Another complication in working out what tax you are liable for where, is that the UK tax year runs from the 6 April to 5 April, whereas in most countries it is for the calendar year.

Even if you are resident in the UK, the country in which you are based may want to tax you for the days you spend working there. The UK has double tax treaties with many European countries and the US to prevent you from being taxed in two jurisdictions on the same income and gains. For example, if you are a UK tax resident the UK will give you a credit for overseas tax paid on income which is sourced overseas. So “planning residence in a specific jurisdiction or joint tax residence in a couple is more likely to provide certainty and a better tax outcome than a constant change of scenery,” explains Kate Aitchison, director, private client tax at RSM.

 

Employer consequences

If you are an employee, before relocating abroad it is important to inform your employer of your plans and get their approval because working in another country could result in tax for your employer. Your employer might have to report and operate payroll taxes in the overseas territory in which you are based, and deduct at source income taxes and social security on your earnings in the overseas territory. This creates an extra administrative burden for your employer.

“Another tax consideration that has to be factored in by the business is whether the presence of the employees overseas will result in some of the UK business’s profits being subject to corporation tax in the overseas territory,” explains Ross Wilkinson, corporate tax partner at RSM UK. “This will hinge on whether the overseas employee's presence in the overseas territory is considered to result in a permanent establishment of the UK company being created in the overseas territory. This can result in a high international effective tax rate overall, given the UK remains a relatively low corporate tax rate jurisdiction.”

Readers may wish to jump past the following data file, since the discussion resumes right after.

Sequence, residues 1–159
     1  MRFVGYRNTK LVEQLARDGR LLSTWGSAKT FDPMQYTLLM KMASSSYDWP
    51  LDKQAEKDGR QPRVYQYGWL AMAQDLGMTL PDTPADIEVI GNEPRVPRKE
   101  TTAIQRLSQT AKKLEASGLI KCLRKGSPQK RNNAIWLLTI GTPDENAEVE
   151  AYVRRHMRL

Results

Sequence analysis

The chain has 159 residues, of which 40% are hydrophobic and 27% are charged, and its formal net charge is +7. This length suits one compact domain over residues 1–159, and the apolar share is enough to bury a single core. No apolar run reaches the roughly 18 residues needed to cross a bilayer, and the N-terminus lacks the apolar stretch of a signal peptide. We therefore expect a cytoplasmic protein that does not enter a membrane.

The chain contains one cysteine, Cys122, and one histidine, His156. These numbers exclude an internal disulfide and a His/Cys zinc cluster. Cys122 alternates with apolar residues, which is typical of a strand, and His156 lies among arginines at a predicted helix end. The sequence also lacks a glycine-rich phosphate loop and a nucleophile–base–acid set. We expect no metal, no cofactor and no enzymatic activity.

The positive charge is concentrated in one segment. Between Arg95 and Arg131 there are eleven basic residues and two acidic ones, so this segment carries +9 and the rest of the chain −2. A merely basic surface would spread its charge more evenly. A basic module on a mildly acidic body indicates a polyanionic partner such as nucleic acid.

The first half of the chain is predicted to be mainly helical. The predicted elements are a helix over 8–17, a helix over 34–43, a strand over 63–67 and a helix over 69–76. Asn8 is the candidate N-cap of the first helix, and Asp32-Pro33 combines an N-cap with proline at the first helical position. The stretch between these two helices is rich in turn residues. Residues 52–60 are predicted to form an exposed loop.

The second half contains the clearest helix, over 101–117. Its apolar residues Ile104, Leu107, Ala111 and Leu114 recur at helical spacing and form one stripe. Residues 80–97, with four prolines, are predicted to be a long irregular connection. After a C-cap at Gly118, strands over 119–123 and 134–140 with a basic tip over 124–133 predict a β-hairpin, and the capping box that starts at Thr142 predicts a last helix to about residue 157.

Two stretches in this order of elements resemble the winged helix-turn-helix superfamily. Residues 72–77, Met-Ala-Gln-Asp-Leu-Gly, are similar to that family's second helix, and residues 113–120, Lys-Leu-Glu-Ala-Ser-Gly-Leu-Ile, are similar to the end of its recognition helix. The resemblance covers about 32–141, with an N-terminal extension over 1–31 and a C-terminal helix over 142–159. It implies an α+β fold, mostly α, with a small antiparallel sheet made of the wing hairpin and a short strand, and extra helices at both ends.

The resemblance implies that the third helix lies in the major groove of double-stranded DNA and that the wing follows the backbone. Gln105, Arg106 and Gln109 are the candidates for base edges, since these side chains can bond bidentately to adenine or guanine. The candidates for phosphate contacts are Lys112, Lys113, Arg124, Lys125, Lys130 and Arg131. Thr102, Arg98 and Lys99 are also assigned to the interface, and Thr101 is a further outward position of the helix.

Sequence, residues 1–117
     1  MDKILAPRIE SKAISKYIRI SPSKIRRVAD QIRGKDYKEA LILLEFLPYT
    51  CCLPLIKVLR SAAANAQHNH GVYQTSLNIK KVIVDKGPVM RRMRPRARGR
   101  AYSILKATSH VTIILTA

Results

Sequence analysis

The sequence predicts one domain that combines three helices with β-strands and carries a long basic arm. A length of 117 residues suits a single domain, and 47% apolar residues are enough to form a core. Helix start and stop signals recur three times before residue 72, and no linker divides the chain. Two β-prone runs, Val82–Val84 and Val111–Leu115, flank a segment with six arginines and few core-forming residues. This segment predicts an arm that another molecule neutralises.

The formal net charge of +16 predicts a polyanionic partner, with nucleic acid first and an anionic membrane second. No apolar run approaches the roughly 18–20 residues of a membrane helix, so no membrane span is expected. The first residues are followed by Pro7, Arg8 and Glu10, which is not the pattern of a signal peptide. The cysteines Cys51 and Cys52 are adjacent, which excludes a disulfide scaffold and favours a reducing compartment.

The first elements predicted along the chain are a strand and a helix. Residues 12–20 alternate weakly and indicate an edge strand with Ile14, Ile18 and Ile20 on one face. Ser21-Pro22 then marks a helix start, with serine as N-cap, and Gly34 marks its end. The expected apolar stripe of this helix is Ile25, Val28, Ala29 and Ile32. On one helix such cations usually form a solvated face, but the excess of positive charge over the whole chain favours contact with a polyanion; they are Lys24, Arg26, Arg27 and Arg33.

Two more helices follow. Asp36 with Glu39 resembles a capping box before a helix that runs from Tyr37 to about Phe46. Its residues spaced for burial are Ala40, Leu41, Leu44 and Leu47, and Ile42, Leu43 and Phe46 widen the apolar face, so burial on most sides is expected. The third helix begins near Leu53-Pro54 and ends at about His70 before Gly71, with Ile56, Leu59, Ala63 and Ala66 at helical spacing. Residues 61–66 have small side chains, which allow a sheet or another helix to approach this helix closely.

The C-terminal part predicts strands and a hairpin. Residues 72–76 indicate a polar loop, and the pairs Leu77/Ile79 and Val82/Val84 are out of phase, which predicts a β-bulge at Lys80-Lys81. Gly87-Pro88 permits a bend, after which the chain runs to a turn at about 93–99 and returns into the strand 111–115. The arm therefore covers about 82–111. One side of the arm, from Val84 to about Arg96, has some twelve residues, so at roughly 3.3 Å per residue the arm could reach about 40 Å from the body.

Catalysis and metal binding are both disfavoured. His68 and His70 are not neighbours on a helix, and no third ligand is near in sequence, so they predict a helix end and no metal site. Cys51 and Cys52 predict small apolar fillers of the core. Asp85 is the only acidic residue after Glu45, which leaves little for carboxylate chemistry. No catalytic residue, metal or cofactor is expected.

Reporting CGT

UK residents have to report and pay capital gains tax (CGT) when they dispose a UK residential property which is not their main home. But non-UK residents must submit a CGT report whether or not any tax arises from the disposal within 60 days, and pay any tax due within that period.

But whether you are UK tax resident or not can be less clear if you leave the UK in the same tax year as making a disposal. “For example, an individual may leave the UK during the year, believing their circumstances mean they will not become a non UK resident until the next tax year,” explains Alex Foster, private client tax partner at RSM. “On that basis they won't file the CGT return when they dispose of their main residence. But if their plans change and they don't meet any of the tests in order to be resident for that tax year, meaning that they are non-resident for the whole year [and are] not aware of this until beyond the 60 day deadline for filing [they will] be subject to late filing penalties.”

If you miss the deadline by up to six months, you get a penalty of £100. If you miss it by more than six months there is a further penalty of £300 or 5 per cent of any tax due, whichever is greater. And if you miss the deadline by more than 12 months there is a further penalty of £300 or 5 per cent of any tax due, whichever is greater. 

If the tax year in which you make the disposal is a ‘split year’, whereby you are resident for the first part of the tax year and then non-resident for the remainder of the tax year, you may not know the date on which you cease being a UK resident until after the 60 day reporting deadline. “If it later transpires that you were non-resident at the relevant date, but have not filed as you believed that you were UK resident, file a CGT report as soon as possible,” advises Foster. “You are likely to need to appeal against the resulting penalties.”